A template letter for new ‘co-parents’

A separation or divorce is one of the most traumatic times for all involved. Where possible keeping emotions out of the new ‘co-parenting’ relationship is vital for family relations going forward.  Wells Family Mediation have shared this letter, which is given out as part of the ‘Restored Lives Course’ with the Fegans’ community as a way of practical guidance. Coming to an agreement at the beginning will be helpful for both parties. You can copy and paste this letter as a guide to starting your new parenting journey.


I am writing about our children. Whatever our thoughts are about each other, our children have never asked for this to happen. My hope is that we can put aside our issues and still be good parents to them even though we will live apart.

The issue for us is how do we shift from being parents who live together, to being separate adults who share the parenting role successfully? To start this process I have put down my thoughts below but I would welcome your comments or additional ideas so that we can agree on the way that we share our parenting roles for the benefit of the children.

  1. It would be good if we could tell them together that we are separating. We can tell them that this is not their fault, that we both love them and that they will be spending lots of time with both of us.
  2. Let’s commit to be respectful about each other in front of the children. I recognise that they love you and the best thing for them is for me not to make unkind comments about you to them. I will find opportunities to talk about you in a positive way with them. Let’s try and stop others, like our parents or friends, from being disrespectful about either of us in front of the children.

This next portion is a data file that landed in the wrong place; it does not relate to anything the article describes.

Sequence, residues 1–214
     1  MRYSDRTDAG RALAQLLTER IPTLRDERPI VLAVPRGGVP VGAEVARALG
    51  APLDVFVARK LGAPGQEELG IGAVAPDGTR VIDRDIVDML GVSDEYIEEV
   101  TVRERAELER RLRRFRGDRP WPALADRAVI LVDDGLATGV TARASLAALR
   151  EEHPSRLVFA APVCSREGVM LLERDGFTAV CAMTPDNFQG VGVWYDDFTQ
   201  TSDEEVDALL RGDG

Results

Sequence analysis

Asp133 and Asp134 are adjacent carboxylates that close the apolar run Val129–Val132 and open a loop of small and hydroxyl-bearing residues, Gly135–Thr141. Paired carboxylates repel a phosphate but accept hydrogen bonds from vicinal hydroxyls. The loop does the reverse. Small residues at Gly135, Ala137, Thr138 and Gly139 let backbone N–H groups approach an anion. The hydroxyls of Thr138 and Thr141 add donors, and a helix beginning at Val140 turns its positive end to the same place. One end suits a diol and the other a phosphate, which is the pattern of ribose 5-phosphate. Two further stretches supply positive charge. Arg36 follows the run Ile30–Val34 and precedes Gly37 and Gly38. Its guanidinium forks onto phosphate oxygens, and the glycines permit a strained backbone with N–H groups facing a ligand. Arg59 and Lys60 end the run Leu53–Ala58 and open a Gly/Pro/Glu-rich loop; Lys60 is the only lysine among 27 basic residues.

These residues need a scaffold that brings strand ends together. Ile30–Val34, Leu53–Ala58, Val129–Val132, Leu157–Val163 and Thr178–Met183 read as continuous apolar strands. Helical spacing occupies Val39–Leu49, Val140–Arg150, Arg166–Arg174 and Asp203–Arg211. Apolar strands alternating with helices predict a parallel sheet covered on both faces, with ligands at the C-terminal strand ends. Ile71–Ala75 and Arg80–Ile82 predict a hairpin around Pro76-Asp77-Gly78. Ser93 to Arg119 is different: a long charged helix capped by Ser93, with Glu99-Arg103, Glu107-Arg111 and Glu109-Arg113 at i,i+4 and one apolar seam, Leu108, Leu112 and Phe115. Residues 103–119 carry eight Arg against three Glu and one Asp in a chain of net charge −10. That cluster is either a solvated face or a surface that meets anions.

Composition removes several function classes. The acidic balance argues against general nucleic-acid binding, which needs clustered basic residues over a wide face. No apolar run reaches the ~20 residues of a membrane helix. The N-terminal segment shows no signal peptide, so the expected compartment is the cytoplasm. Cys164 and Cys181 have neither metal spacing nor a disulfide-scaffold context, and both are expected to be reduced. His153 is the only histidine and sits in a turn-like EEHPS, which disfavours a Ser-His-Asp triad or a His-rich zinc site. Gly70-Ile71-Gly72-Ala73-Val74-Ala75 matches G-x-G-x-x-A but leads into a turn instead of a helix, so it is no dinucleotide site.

3. When we are in conflict about something, let’s deal with it privately and not in front of the children.
  4. At times of handover, let’s be polite and friendly to each other as these can be stressful moments for everyone.
  5. When they are with me, I will not ask the children for information about you or your life as it’s not fair for them.
  6. Let’s make sure that we communicate directly with each other about their arrangements and their needs so that we never use them as the communication link between us.
  7. Please can we try and agree similar house rules or boundaries together? We may not always agree, but at least then we can tell them that we’ve spoken about it and that we know something’s allowed in one of our homes, and not the other. My hope is that they will experience us parenting together in this way, and will not be able to play us off against each other.
  8. Can we try and attend some school events together and sit next to each other at parents’ evenings or school plays/matches etc? I know that children appreciate this enormously it if we can manage it in a polite way.
  9. We will have a lot of arrangements to sort out, for example when they spend time with us both. It won’t always be easy and we won’t always agree, but I will commit to listen to you and do my best to be constructive and polite in finding solutions to any disagreements. Let’s agree to try and find solutions that work for both of us rather than allow any language of winning or losing.
  10. You share responsibility with me for our children and therefore, if any serious difficulties or challenges arise, I will discuss these issues with you rather than turn to others. Even though we have separate personal lives I will make the effort to communicate with you about these issues straight away.

If we both follow this agreement, I believe that it will give our children a good hope for their future. I hope that we can agree on the way forward for our parenting and, for my part, I will commit to putting all this into practice. I look forward to hearing from you with your thoughts.

For more information on Restored Lives, and to book onto the course go to the facebook page facebook.com/restoredlivessevenoaks/